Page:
LONDON– The United Kingdom’s economy gained momentum in the first three months of 2019 after manufacturers’ stockpiling ahead of Brexit helped to boost the country’s growth.
The Office of National Statistics say growth remained 0.5 percent in the quarter, up from 0.2% in the previous three months.
The manufacturing sector grew at its fastest rate since 1988 in the period.
The ONS said this was driven by manufacturers rushing to deliver orders before the original Brexit deadline of 29 March.
Pharmaceuticals was one of the sectors most affected, expanding 9.4% between January and March.
Previous business surveys had shown manufacturers stockpiling goods for Brexit in case the UK left the EU without a transition deal, which they feared could lead to delays at UK borders.
What impact has Brexit had on the figures?
As well as manufacturers rushing to deliver orders before the UK was due to leave the EU, firms also stockpiled parts.
This drove a surge in imports, with the total trade deficit – the gap between what the UK imports and exports – doubling in the first quarter to a record high, separate data from the ONS showed.
The total trade deficit widened from £8.9bn to £18.3bn, driven partly by a sharp increase in imports of cars and gold.
However, the UK’s deadline to exit the EU has since been extended until the end of October after Prime Minister Theresa May asked the EU for more time to negotiate a deal.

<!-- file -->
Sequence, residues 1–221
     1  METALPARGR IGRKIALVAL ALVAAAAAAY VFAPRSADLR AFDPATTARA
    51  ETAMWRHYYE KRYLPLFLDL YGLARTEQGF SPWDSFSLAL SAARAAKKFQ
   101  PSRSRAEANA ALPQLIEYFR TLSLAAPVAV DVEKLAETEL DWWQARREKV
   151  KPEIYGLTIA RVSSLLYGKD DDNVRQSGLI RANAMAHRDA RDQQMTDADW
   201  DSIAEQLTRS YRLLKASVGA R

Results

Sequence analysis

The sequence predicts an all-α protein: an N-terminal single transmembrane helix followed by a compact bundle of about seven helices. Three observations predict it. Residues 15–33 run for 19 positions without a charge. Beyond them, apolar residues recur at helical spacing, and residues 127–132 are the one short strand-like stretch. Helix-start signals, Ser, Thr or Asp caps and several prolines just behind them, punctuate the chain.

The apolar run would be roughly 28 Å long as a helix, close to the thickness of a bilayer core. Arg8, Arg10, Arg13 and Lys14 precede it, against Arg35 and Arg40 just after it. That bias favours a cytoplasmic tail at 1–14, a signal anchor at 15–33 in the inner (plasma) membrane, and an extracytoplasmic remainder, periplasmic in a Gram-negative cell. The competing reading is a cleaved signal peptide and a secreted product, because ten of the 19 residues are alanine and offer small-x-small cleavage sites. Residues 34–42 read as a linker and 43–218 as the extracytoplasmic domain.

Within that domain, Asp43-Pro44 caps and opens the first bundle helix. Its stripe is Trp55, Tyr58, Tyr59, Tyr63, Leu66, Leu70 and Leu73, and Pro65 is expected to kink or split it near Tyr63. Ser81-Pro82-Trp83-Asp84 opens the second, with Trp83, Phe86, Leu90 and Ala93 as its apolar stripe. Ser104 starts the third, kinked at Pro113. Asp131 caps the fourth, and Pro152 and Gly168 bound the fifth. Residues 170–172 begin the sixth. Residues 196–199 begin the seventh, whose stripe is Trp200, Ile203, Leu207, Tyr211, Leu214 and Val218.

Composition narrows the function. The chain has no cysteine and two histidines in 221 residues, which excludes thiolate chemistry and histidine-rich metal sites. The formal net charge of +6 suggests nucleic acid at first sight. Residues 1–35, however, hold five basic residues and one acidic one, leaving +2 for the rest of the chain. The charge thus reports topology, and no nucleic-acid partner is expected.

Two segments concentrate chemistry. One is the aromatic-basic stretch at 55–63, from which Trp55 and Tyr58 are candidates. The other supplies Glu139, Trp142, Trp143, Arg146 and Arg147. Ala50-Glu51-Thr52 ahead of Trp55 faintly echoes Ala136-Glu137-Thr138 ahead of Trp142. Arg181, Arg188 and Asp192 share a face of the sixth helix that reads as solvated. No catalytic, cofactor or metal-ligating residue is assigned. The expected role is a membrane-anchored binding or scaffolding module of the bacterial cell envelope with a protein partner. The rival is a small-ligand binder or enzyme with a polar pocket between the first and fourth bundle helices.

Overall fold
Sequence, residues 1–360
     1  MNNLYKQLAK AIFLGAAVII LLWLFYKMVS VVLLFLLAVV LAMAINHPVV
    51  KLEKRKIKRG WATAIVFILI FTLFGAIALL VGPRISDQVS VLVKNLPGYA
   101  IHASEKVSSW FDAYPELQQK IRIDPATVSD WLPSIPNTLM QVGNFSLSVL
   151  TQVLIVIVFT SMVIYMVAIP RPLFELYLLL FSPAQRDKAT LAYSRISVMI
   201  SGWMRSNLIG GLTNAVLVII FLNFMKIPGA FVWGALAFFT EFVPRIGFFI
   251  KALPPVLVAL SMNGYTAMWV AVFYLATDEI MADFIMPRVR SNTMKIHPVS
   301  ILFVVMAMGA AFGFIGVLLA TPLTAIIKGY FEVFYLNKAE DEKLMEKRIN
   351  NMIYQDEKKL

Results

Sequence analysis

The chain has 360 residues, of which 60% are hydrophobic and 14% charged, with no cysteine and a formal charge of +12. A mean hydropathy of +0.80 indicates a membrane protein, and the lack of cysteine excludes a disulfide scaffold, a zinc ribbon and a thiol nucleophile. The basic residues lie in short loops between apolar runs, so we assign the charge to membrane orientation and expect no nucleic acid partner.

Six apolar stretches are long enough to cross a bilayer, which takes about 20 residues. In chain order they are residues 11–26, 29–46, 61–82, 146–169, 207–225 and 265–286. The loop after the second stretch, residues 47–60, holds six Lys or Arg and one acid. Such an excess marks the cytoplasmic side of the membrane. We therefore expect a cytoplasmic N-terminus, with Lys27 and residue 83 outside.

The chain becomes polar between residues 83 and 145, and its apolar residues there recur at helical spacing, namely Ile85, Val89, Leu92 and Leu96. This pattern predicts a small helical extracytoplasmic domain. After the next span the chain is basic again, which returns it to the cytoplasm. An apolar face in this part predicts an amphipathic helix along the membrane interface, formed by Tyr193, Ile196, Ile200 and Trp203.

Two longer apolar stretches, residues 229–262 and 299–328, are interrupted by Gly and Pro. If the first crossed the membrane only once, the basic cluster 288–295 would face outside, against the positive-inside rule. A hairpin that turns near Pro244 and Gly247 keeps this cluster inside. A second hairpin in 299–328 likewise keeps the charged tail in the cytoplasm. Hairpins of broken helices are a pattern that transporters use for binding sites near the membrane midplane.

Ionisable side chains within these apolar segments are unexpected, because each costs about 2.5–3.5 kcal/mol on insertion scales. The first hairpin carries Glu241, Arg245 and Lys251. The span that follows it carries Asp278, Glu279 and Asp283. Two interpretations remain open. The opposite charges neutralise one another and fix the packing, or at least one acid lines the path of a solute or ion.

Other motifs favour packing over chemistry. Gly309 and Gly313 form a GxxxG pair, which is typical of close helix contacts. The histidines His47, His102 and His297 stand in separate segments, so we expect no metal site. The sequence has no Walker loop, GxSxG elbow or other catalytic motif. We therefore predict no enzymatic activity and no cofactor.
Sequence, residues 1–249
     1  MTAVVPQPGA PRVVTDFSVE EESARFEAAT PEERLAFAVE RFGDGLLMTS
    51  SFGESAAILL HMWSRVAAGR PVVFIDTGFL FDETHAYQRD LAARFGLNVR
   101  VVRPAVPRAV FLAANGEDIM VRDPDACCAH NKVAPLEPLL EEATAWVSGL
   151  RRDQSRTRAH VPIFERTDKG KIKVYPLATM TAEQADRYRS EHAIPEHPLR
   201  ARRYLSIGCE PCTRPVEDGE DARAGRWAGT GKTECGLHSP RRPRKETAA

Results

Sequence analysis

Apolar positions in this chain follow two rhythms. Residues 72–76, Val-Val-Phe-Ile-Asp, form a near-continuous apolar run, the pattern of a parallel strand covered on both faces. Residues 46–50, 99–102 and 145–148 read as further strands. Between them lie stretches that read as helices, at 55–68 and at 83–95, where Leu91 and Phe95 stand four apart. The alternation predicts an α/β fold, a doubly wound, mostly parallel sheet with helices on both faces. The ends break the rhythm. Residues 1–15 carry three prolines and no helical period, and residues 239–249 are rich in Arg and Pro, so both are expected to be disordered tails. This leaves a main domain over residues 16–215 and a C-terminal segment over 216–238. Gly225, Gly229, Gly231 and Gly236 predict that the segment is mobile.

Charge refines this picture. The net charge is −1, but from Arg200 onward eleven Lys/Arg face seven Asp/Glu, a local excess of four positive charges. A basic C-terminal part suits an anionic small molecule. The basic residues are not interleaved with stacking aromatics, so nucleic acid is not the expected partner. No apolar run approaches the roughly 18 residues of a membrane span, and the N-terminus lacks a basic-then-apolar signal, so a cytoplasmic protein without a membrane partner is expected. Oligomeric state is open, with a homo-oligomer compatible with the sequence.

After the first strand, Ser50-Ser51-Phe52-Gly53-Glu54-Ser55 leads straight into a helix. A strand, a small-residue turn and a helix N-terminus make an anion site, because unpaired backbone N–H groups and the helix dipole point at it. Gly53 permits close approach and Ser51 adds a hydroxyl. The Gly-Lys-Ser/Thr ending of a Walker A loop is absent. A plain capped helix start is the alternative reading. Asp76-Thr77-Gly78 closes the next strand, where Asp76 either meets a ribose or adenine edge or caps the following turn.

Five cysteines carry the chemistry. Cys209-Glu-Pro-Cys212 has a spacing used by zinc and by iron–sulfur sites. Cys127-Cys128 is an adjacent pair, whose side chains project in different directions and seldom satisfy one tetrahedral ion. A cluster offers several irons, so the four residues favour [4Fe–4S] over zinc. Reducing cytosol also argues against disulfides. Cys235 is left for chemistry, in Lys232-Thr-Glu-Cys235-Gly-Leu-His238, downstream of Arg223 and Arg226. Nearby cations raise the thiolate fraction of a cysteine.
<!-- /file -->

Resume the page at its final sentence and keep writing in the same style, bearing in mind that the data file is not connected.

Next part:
Is the economy stabilising?
Chancellor Philip Hammond said the figures showed the economy remained “robust”.
“These GDP figures this morning show again that the UK economy is performing robustly, despite the evidence of slowing global growth and the continued Brexit uncertainty at home – so it’s good news,” he told the BBC.
But analysts have warned the impact of Brexit could mean the pick-up in growth is short-lived.
Tej Parikh, senior economist at business lobby group the Institute of Directors, said it could well be just “a flash in the pan”.
“Some businesses brought activity forward early this year in preparation for leaving the EU, so higher stocks and earlier orders have artificially bumped up the growth numbers.
“In the second quarter, many firms will be keen to run down their Brexit caches, which will drag on economic growth,” he said.
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